My plan here, Prime Minister, is to prompt you to see your true understanding of how Ethiopians perceive you and your government, and why. Shake yourself to get out of the numbness toward our despairing population, their ordinariness a place you habitually wallowing in has dictated in you.
I assure you, my intention is honourable, strictly dictated by the need and desire to prioritise the all-round wellbeing of our people. Take cognizance of the importance of honest law-based system of governance, while focussing on improving the functioning our institutions and by which those you have put in position of authority are held accountable for each and every decision they make, or indecisions thereon in terms of carrying out their functions.
No doubt, this assumes you are committed to respecting the freedoms of citizens. Open your eyes to see that Ethiopia since the days of the TPLF has become a land of inequalities, which is continuing this time more of this absence of equality of opportunities being openly demanded.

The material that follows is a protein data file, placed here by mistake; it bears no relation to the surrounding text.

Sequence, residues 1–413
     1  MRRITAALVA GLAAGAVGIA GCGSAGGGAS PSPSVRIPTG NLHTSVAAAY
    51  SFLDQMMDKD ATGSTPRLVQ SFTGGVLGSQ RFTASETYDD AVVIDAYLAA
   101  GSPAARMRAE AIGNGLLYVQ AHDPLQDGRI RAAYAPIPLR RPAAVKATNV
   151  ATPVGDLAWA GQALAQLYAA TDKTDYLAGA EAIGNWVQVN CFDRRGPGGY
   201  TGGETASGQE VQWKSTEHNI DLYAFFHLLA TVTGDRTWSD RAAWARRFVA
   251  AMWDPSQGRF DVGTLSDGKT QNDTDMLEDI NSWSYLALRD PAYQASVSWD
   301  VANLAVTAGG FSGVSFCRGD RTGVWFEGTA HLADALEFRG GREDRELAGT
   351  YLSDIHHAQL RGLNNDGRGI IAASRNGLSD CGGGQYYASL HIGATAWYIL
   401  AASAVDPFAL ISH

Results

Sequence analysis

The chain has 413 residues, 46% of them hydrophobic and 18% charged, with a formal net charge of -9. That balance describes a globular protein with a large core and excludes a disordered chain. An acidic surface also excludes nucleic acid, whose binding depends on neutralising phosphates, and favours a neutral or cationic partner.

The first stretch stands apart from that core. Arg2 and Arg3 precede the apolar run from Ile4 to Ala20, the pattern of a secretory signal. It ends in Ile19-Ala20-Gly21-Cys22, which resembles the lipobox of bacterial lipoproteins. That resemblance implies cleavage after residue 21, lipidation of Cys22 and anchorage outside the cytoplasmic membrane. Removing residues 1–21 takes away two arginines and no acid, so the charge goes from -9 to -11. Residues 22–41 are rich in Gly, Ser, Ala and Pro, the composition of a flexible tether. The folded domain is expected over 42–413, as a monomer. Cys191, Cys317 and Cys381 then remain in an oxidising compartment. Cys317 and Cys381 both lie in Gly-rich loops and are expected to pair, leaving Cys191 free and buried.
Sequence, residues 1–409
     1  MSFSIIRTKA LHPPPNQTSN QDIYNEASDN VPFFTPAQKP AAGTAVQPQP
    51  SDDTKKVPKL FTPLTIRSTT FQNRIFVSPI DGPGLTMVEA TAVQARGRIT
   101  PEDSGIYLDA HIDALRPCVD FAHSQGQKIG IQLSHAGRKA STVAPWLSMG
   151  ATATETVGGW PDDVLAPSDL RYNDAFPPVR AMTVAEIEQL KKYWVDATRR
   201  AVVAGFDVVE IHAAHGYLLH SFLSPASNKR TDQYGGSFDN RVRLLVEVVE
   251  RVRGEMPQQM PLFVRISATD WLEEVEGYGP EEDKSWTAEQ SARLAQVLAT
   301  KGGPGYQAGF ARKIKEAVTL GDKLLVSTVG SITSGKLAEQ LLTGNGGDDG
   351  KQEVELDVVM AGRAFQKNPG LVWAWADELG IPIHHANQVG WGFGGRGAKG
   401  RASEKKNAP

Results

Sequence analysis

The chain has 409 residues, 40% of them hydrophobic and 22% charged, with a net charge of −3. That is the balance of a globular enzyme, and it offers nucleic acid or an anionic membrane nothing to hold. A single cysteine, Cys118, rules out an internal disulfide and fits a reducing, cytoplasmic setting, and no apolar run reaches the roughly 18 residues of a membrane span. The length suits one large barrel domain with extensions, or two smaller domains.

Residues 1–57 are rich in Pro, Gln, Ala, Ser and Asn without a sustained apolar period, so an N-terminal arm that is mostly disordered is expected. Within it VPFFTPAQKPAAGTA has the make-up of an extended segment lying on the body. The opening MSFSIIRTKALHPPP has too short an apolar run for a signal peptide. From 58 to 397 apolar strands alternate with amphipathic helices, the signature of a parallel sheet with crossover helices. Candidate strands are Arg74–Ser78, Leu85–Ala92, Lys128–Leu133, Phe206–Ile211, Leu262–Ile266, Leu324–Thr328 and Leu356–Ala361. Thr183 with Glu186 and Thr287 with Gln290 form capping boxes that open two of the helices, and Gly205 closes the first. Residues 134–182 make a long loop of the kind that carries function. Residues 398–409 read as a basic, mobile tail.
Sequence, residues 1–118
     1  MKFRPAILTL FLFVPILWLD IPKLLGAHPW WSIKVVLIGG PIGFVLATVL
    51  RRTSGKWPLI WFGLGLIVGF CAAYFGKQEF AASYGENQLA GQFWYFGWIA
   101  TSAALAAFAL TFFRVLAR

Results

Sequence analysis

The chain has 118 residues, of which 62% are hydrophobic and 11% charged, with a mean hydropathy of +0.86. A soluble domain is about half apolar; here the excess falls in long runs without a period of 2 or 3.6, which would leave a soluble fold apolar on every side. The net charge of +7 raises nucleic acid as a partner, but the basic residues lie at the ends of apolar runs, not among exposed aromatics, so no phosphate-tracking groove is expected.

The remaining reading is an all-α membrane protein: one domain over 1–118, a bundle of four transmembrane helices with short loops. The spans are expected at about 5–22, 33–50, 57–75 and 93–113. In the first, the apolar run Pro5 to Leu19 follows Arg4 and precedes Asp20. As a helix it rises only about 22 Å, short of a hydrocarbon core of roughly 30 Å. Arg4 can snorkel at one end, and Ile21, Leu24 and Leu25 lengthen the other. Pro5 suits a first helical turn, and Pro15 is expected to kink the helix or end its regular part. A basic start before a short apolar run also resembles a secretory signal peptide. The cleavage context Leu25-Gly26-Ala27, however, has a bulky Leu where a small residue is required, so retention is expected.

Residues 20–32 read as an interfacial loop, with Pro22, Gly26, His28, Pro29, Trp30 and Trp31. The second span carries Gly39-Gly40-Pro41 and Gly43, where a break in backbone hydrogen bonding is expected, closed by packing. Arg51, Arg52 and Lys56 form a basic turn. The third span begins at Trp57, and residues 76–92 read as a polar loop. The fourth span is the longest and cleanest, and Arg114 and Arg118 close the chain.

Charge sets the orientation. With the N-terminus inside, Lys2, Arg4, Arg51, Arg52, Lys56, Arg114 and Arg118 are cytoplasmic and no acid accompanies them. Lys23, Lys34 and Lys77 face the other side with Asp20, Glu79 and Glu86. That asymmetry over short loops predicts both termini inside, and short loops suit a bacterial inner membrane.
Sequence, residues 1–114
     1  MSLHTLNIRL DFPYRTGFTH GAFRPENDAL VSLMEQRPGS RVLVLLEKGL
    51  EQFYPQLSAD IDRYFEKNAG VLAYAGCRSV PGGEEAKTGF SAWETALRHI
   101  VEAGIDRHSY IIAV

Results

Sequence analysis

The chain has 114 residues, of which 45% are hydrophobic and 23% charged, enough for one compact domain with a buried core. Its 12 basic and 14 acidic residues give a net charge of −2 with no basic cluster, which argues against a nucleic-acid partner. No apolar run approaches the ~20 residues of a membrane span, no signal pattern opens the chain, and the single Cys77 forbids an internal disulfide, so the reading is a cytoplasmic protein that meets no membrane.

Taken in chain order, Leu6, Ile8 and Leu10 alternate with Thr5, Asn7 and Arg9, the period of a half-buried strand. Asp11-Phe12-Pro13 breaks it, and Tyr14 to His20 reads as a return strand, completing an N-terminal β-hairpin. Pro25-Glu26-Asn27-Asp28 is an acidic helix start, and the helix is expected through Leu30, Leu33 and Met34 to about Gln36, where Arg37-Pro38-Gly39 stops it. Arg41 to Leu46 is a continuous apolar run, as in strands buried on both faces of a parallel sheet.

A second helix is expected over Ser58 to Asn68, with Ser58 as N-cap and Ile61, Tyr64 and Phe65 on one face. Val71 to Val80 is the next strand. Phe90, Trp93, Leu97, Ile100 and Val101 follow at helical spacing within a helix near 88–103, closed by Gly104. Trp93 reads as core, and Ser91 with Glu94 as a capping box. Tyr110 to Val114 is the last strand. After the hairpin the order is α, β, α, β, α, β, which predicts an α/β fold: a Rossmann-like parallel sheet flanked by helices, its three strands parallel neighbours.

You tear to pieces anyone that has a different idea from you, or he/she that disagrees with you. Neither history nor the church could protect from your judgement people. You are free to make them a laughing stock. This approach of yours has hardly helped our nation.
There is a pressing need for change in order to reverse Ethiopia’s increased fracture, you are supposed to help heal, including through forgiveness you preached. I had to consult Dostoevsky’s
Sadly, preceding this latest crisis we have witnessed, whose vortex is Oromia Region, you have been sending out conflicting signals to the Ethiopian people. You should be aware that those have planted doubts in Ethiopian minds about your government’s loyalty to the nation and its citizens.